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September 4, 2017

Porsche Pulls Out of Endurance Racing's Top Class; Sets Sights on Formula E

Porsche bids goodbye to the world of top-tier endurance racing as they will be ending their involvement in the LMP1 class of the FIA World Endurance Championship or WEC at the end of this season. That news comes hand-in-hand with the announcement that the storied German sportscar maker shifts its efforts to Formula E. Beginning 2019, Porsche will run a works team in the all-electric series and in fact, they have begun developing their own Formula E racer.

Formula E is the world’s first purely electric racing series and was launched on September 13, 2014. The International Automobile Federation, or FIA, which is also responsible for Formula 1, has organized the series to make a statement in favor of electromobility and to get more young people excited about motorsport. Unlike most other series, the season begins in the autumn and ends in summer. The race venues are specially designed street courses in the heart of major cities, meaning the sport comes to the spectators, and not the other way around. Electromobility is playing an important role in the mobility of tomorrow, especially in urban environments.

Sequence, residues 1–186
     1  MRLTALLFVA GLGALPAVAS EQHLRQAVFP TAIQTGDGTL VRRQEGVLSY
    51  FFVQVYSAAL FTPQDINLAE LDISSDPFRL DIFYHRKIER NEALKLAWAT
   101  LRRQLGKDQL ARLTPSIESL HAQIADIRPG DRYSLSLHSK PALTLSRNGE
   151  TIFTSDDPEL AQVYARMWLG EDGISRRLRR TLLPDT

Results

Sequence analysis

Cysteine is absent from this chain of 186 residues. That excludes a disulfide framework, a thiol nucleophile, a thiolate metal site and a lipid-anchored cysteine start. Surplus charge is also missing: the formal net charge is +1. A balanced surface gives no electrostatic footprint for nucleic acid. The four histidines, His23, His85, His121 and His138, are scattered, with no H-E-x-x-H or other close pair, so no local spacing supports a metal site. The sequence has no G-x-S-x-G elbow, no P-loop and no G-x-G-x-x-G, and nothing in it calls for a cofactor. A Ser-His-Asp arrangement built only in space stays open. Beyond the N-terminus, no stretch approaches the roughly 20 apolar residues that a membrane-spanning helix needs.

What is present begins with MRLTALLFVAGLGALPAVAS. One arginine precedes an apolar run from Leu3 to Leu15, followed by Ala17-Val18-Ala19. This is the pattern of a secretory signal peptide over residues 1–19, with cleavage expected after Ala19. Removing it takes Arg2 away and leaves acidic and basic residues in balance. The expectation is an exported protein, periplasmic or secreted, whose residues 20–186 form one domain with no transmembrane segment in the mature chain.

This realignment of Porsche’s motorsport activities syncs perfectly with their corporate strategy of Porsche Strategy 2025, which will see the carmaker develop a combination of pure GT vehicles and fully electric sports cars, such as the first fully battery-powered Mission E road car.

“Entering Formula E and achieving success in this category are the logical outcomes of our Mission E. The growing freedom for in-house technology developments makes Formula E attractive to us”, says Michael Steiner, Member of the Executive Board for Research and Development at Porsche AG. “Porsche is working with alternative, innovative drive concepts. For us, Formula E is the ultimate competitive environment for driving forward the development of high-performance vehicles in areas such as environmental friendliness, efficiency and sustainability”.

After four highly successful years, three victories in a row at the 24 Hours of Le Mans and World Championship titles in both the team and driver classification in 2015 and 2016, Porsche will leave the LMP1 class behind. Nevertheless, this year the works team from Weissach wants to defend the two World Championship titles one more time. The season ends on November 18 in Bahrain. While the carmaker transitions to Formula E, Porsche will keep its successful LMP1 team fully intact, including the factory drivers.

And while the carmaker is pulling out of the LMP1 class, Porsche maintains its focus on international GT racing with the Porsche 911 RSR. In fact, they will concentrate their WEC efforts on running in the GT class with the mid-engined 911. The 911 RSR will also run at the 24 Hours of Le Mans as well as the American IMSA WeatherTech SportsCar Championship and other long-distance classics.

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